Parrots of the World by Joseph M. Forshaw, illustrated by Frank Knight. Published 2010. Softcover, 328 pages.
Wildly colorful, intelligent, popular, beautiful. These words are often used to describe birds belonging to the parrot family: Psittaciformes. This lovely book illustrates and describes all 356 species.
Parrots of the World presents this widespread family of birds in field guide format; indeed, in the preface the author writes that the book is designed primarily for field use. The species are arranged geographically using three major regions: Afro-Asian; Australasian; and Neotropical.
The color illustrations are crisp and clear as aids to identification. For the most part, the birds are presented on a plain white background, which is a bit boring. They are shown perched naturally on branches. In addition to the standard perched pose, many birds are shown in flight, with both upper- and underparts illustrated. This is done stylishly, with the body of the bird shown with one upper wing and a separate image of the bird’s body and under wing. Each color plate presents one to four species.
Some plates seem a bit too busy, showing too many birds together, or having overlapping illustrations. Other plates leave so much white space that it seems that some images may be missing – or that someone forgot to enlarge the images that are there. About a third of the plates have the bird illustrations arranged “just right” to me. This inconsistency isn’t really a problem; it’s just something I noticed.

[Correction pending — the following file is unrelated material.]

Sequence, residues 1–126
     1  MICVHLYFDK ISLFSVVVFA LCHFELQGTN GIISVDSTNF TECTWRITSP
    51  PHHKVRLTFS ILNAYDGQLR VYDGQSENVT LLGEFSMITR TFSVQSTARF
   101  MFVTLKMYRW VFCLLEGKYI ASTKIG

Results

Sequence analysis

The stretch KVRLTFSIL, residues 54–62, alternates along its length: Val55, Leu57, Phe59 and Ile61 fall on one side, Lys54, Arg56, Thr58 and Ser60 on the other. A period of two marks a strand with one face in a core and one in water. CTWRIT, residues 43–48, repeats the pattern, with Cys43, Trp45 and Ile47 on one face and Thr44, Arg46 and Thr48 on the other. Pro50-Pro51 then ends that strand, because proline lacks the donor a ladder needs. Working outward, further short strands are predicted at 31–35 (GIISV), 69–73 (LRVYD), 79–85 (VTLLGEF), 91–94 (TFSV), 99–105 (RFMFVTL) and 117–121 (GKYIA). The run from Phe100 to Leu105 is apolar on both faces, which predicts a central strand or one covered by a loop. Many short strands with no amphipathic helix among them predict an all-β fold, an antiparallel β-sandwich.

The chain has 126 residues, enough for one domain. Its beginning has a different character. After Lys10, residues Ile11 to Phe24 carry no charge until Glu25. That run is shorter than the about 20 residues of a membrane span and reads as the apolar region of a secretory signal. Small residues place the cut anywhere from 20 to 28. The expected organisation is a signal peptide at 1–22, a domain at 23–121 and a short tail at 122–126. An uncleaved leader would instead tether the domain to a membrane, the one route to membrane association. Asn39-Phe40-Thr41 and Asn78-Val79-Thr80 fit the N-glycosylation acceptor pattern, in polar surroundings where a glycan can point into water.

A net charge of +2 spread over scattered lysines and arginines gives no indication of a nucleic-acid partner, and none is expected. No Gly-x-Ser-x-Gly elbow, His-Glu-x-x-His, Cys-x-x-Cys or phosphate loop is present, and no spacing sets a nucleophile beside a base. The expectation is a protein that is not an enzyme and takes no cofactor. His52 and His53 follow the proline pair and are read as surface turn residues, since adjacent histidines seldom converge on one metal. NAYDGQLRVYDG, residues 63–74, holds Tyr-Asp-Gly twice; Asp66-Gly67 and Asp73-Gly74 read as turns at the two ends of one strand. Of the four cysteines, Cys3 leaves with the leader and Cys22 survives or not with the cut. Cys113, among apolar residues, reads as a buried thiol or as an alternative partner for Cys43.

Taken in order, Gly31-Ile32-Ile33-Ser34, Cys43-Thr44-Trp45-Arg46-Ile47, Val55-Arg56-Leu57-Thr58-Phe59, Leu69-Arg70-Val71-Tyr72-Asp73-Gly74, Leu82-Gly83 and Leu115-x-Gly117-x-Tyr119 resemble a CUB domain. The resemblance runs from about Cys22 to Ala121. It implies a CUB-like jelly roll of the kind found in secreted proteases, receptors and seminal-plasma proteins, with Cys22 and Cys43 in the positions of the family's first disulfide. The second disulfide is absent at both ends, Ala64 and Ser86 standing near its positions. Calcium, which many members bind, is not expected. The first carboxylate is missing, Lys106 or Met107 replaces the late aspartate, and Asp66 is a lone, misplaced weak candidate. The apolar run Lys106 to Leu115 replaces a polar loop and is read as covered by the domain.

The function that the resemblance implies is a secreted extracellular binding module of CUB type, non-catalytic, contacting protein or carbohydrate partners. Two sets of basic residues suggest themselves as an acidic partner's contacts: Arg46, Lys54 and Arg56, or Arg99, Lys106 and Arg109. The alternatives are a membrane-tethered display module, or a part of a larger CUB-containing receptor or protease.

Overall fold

The descriptive texts accompany the color plates, which is a big plus. The description for each species is concise and clear, with clearly marked blocks of information. Parrots of similar appearance are mentioned when appropriate, with key identification tips to help distinguish them. Distribution, sub-species (when indicated), and conservation status are also noted for each species. Range maps appear by the descriptions, and they are large and clear.
There is an index of scientific names and a separate index of English names. The English index lists the birds twice, under the family name and again using the entire name. So, for example, the Black Lory appears under B and again under Lory, Black. I really, really like this handy feature.
It’s wonderful to have one guide book that has all of the world’s parrots in it, and the fine illustrations, informative texts and clear range maps make this book a great addition to any birder’s library. I give Parrots of the World 4 Goldfinches out of 5.
Disclosure: This is my own original, honest review of Parrots of the World, a copy of which was provided to me free of charge by the publisher.